One thing the Chicago Bulls take pride in is their rebounding. For the past ten seasons, they have been one of the top ten rebounding teams in the league. A possible prospect Chicago may select in this year’s NBA Draft is Duke University’s Mason Plumlee, a player who can take pride in his rebounding ability.
For his senior season, the 7-foot, 238 lb. center averaged 9.9 rebounds, 16th best in the NCAA. He led his Blue Devils in total rebounds and rebounds per game, and not only does he make sure to crash the boards on the defensive end, but Plumlee also remains active on the offensive glass as well. His offensive rebounds often lead to putbacks layups or dunks. Speaking of that, check out this reverse putback slam of Plumlee’s just because of its awesomeness.
Another aspect of Plumlee’s game that deserves attention is his defense in the post. He does a nice job of keeping his arms up and not fouling his opponent. His stance is good and knows how to stay with his opponent.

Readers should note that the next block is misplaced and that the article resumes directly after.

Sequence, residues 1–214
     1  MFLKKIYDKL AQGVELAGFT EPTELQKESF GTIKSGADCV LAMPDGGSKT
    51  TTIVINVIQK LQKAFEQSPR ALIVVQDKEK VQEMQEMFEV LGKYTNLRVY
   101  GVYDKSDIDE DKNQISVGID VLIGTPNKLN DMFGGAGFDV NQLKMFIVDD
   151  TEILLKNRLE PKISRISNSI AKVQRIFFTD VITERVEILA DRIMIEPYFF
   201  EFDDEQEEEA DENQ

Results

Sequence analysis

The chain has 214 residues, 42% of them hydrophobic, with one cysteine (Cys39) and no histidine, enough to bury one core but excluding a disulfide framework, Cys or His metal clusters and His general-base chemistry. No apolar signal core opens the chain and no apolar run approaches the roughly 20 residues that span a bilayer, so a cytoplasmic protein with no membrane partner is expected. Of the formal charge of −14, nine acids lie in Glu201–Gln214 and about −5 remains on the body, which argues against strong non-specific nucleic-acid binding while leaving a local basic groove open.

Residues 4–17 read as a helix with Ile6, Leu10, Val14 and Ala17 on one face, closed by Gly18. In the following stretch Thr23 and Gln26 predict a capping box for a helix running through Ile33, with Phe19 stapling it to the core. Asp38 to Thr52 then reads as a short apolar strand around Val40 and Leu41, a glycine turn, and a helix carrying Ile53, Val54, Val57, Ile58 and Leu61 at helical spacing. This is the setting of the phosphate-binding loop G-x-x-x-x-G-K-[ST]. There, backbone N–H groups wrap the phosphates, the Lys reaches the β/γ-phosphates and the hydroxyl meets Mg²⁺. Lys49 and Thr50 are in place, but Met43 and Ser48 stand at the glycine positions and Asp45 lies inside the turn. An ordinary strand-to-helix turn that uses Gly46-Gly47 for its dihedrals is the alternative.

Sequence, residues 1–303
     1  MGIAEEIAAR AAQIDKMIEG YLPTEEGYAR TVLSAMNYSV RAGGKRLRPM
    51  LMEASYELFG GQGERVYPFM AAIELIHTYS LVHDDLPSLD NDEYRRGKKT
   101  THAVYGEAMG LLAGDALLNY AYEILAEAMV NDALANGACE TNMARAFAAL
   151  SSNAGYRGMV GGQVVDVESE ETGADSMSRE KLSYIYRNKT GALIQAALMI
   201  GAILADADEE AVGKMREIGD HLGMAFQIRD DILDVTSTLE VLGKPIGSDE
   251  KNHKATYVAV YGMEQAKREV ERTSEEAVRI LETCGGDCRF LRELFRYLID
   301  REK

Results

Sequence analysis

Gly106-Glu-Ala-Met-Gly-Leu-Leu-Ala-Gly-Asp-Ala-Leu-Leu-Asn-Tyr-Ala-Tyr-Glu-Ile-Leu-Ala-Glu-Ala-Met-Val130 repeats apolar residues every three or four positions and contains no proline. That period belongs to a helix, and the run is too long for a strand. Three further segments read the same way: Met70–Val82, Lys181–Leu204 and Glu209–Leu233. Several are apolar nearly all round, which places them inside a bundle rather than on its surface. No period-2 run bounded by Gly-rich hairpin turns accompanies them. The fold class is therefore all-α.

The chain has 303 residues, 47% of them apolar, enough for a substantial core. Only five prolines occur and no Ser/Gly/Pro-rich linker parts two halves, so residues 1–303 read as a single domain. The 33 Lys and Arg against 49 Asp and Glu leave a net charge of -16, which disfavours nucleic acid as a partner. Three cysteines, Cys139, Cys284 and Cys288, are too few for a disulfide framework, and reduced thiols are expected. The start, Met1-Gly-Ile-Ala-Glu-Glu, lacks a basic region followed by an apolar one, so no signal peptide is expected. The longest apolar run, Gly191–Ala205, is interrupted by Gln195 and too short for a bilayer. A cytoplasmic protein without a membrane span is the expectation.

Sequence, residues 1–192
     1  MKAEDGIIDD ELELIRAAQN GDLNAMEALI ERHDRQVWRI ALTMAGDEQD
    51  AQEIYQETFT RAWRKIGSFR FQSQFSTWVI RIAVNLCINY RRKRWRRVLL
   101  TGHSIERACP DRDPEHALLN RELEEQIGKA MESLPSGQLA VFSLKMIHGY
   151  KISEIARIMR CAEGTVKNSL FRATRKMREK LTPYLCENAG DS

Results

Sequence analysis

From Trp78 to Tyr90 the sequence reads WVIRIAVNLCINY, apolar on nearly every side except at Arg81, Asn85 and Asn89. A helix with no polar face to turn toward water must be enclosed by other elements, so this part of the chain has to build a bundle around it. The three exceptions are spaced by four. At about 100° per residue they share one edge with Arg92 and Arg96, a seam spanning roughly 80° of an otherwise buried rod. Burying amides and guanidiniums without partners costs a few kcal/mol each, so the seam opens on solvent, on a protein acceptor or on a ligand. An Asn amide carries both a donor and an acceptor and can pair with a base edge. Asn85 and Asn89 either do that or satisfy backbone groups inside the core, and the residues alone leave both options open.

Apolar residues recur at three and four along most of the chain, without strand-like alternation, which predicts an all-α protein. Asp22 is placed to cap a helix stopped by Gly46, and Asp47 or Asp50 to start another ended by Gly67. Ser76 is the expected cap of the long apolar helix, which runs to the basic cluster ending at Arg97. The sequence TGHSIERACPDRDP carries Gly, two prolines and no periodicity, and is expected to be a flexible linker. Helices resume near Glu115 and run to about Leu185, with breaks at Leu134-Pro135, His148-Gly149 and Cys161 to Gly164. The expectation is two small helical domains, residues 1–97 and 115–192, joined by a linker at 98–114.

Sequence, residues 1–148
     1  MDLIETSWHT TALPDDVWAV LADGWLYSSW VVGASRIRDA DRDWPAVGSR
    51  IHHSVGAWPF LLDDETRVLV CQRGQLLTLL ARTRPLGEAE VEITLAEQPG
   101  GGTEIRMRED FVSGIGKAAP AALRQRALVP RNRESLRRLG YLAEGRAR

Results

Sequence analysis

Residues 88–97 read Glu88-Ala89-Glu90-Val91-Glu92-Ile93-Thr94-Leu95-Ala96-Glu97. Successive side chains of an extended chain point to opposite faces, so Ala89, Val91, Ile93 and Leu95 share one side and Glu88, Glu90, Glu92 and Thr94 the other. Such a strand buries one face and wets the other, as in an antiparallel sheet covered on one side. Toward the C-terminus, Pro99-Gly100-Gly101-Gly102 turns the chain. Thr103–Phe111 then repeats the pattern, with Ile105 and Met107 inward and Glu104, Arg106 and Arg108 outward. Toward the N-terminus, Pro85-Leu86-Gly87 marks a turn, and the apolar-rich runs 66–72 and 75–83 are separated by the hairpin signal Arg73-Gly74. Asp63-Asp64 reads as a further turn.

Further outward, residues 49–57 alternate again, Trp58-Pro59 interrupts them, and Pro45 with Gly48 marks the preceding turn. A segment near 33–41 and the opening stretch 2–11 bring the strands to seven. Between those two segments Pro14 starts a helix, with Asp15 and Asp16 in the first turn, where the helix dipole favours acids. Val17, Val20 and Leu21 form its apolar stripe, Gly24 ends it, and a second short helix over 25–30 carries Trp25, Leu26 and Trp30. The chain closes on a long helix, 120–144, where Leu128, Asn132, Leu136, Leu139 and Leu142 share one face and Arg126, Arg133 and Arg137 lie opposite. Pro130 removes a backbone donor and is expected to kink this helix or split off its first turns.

When he is doing the offensive work in the post, Plumlee does relatively well. He has shown that he can get his shots in the paint and make hook shots, basic things of that nature. However, he sometimes struggles to create offense for himself in the paint because of his size. When bigger guys are on him, he does not always have the upper hand. This will become an even larger concern when Plumlee comes to the NBA.
In an offensive sense, utilizing the pick and roll is something Plumlee excels at. He sets screens, rolls to the basket, and scores in what appears to be a seamless effort. Combine that with Derrick Rose, and there is a good chance success will follow.
Plumlee is not one known to have a mid-range game though, which obviously could come in handy when trying to be a larger offensive threat. Though the good thing is that he has been working on his jump shot lately, which is evident in the following video of one of Plumlee’s workouts.
The addition of Plumlee to the Bulls offers a good amount of both offense and defense. He needs some polishing and improvement on both ends, but what he can initially provide — rebounding, interior defense, and a decent offensive post game — would be a solid start.